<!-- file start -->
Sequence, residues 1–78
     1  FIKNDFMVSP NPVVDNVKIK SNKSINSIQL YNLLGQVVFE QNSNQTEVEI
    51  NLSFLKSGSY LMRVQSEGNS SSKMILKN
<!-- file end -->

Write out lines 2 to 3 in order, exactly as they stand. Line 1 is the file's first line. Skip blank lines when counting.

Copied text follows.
     1  FIKNDFMVSP NPVVDNVKIK SNKSINSIQL YNLLGQVVFE QNSNQTEVEI
    51  NLSFLKSGSY LMRVQSEGNS SSKMILKN